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I have the following partitioned table

create table T (Month char(6), ID int, .... primary key (ID, Month)) on psMonth(Month)

The partition function is

CREATE PARTITION FUNCTION [pfMonth](char(6)) AS 
RANGE RIGHT FOR VALUES (N'200001', .... N'200705', N'200706', N'200707', ....)

However, the actual partition count of following query shows is 260 instead of 1?

select count(*)
from T (nolock)
where Month = '200706'

The execution plan is

  |--Compute Scalar(DEFINE:([Expr1004]=CONVERT_IMPLICIT(int,[globalagg1006],0)))
       |--Stream Aggregate(DEFINE:([globalagg1006]=SUM([partialagg1005])))
            |--Parallelism(Gather Streams)
                 |--Stream Aggregate(DEFINE:([partialagg1005]=Count(*)))
                      |--Clustered Index Scan(OBJECT:([DB].[dbo].[T].[PK_T]), WHERE:([DB].[dbo].[T].[Month]=[@1]))

Update:
The query run fast and the Actual Partition Count is 1 if I run the following query.

select count(*), $partition.pfMonth(Month)
from T with (nolock)
where Month = '200706'
group by $partition.pfMonth(Month)

Update 2:
The following query also only scan one partition.

select count(*), min($partition.pfByMonth(Month))
from T 
where Month = '200707'

Update 3:
The original SQL scans only one partition now. No clue what happened. The only difference is that more data has been inserted into the table.
Answer: I used a CTE which wrapped the table. And it worked around the issue caused by type precedence. (However, the CTE didn't work around the issue at first though, the whole thing is strange and unpredictable.)

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2 Answers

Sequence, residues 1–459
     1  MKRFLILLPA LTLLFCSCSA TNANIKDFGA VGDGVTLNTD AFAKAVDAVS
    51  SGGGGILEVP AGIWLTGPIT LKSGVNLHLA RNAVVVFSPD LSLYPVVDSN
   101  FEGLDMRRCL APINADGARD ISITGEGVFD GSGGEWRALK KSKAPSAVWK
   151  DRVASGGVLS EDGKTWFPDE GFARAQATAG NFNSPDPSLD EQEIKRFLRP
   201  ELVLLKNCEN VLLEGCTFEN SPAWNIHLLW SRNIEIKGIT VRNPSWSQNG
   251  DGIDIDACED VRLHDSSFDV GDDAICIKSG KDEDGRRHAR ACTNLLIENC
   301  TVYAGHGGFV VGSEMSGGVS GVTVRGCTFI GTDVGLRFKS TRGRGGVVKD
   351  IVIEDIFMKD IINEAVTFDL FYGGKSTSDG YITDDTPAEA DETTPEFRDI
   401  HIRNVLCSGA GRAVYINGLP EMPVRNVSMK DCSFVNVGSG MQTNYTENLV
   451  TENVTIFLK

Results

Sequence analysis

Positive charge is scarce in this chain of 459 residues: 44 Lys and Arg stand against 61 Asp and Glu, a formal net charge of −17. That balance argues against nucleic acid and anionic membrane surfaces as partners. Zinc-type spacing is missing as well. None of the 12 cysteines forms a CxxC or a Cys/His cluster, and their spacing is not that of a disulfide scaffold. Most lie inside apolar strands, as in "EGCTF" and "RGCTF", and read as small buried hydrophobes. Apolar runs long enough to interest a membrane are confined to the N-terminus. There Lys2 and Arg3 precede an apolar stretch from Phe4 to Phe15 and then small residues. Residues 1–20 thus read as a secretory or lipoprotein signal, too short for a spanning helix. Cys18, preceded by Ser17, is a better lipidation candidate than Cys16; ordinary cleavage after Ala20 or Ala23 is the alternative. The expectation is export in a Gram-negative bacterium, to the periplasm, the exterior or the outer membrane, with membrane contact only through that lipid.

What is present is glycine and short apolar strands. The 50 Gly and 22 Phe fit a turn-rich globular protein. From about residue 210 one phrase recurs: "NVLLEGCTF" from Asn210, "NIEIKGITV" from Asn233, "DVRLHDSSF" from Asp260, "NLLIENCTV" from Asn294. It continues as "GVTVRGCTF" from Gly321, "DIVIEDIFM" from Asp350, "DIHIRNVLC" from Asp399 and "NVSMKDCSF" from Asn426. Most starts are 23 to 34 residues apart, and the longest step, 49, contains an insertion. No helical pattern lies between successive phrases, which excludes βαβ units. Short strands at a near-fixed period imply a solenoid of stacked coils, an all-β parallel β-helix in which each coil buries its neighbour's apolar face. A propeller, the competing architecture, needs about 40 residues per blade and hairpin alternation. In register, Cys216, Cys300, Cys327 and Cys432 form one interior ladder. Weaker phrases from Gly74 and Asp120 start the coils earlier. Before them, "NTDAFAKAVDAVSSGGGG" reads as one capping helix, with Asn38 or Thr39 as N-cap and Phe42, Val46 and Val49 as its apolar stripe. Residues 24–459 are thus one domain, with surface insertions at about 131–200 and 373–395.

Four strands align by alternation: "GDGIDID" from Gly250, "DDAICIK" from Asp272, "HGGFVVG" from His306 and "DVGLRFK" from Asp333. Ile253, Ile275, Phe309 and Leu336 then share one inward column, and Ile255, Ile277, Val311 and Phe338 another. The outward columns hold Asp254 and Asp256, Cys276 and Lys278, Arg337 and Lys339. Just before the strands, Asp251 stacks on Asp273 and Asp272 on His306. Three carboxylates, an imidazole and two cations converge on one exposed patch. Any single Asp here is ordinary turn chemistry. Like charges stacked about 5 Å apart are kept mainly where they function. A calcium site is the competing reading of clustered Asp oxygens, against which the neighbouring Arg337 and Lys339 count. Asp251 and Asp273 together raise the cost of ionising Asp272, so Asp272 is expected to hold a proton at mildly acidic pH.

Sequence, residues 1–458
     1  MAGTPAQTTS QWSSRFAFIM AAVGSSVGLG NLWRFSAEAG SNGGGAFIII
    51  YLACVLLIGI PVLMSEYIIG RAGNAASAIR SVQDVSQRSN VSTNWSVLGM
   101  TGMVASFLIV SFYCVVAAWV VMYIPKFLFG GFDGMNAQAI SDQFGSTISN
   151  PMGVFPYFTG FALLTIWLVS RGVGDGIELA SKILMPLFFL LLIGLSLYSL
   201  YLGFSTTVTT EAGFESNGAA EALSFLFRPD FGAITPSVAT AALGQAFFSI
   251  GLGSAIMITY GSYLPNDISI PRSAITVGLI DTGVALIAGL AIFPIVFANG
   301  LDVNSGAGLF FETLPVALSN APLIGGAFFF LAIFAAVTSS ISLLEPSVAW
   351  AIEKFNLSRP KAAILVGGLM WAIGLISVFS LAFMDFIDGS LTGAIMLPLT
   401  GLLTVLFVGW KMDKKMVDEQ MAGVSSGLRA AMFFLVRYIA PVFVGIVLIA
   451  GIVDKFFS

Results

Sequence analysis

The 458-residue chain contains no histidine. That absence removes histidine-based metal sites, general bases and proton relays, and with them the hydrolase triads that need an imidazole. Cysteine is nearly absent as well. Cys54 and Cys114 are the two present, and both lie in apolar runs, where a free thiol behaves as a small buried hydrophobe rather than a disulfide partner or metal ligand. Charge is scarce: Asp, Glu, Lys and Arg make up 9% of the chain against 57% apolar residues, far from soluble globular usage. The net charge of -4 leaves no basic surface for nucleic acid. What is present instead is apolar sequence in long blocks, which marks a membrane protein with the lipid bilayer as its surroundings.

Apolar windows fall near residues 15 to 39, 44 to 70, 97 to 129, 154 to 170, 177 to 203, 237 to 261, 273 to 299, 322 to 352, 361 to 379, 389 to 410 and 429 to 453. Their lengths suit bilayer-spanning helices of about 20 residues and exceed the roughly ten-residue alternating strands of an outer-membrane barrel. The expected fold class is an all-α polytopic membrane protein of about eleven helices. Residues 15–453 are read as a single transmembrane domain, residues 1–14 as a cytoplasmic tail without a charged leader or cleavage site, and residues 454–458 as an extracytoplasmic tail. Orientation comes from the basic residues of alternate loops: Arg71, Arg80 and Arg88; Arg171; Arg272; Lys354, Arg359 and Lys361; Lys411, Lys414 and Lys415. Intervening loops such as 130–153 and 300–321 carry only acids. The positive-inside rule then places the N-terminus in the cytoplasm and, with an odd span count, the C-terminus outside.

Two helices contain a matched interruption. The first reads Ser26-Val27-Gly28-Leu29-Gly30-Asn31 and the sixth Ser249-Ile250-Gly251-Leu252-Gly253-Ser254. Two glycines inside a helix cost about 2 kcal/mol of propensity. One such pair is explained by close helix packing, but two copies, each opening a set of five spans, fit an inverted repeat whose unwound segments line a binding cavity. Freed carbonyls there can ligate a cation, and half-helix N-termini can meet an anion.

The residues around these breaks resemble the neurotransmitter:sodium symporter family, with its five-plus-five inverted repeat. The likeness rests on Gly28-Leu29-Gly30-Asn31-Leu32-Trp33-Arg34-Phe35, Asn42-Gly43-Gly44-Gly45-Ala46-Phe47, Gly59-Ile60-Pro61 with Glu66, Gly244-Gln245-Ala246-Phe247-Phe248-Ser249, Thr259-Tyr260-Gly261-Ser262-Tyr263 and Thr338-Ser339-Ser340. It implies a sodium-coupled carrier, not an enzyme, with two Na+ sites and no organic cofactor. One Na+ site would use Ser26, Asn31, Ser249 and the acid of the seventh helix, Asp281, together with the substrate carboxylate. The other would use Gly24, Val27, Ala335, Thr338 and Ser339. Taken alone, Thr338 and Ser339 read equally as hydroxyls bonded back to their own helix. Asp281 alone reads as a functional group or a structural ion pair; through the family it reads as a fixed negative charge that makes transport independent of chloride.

up vote 5 down vote accepted

Your column is of type CHAR(6). Your filter is of type VARCHAR (perhaps counter intuitive, but that what the constant literal '200706' is). The rules of Data Type Precedence dictate that the comparison occurs using the type with higher precedence, ie. the VARCHAR type. This is a different type than the partitioning function, therefore you do not get partition elimination.

Try this instead:

select count(*)
from T (nolock)
where Month = CAST('200706' as CHAR(6));

Your plan should get a partitioning elimination filter.

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It always scans only one partition now. I don't know what happened. Even if I change the where clause to where Month = cast('200706' as varchar(6)) –  u23432534 Feb 14 '12 at 22:43
    
You didn't change the definition of the table/PF, did you? Ie. it still has the same column type and clustered index key as in your original post. –  Remus Rusanu Feb 14 '12 at 22:49
    
The definition of the table/PF is not changed. One of my ssis package is still loading the data into this table. It's really strange that suddenly the query only use one partition now. –  u23432534 Feb 14 '12 at 22:56
    
It scans all the partitions if I change where clause to where Month = 200706. Is it any setting force the constant string literal char instead of varchar? –  u23432534 Feb 14 '12 at 23:10
1  
+1 - Nice analysis, I didn't even think of data type precedence here. –  JNK Feb 16 '12 at 12:58
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This is directly related to your other question.

You don't have an index on your partition key alone, it's the second key on your PK. Because of this the engine needs to check every row. If you had an index on that field then it could check just the index.

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Why the second query (in the update section of my question) only scan one partition without a index? –  u23432534 Feb 14 '12 at 20:16
1  
Because you are directly invoking the partition you need. The optimizer can't infer the partition you need without an index to point the way. –  JNK Feb 14 '12 at 20:18
    
There is no condition filtering the result by partition ID though. In fact, I tried select count(*), min($partition.pfMonth(Month)) from T where Month = '200708' and it still only scan one partition. –  u23432534 Feb 14 '12 at 20:24
2  
By invoking $partition you are specifying the partition to search, albeit indirectly. Without this guidance the engine needs to check all the partitions because, again, you have no index on the field you are checking –  JNK Feb 14 '12 at 20:26
    
@NickW, JNK is right. The $partition tells the optimizer where to look. If you want elimination to happen automatically without specifying the partition function, SQL Server needs some other clue (e.g. a non-clustered index on the Month column). –  Aaron Bertrand Feb 14 '12 at 20:29
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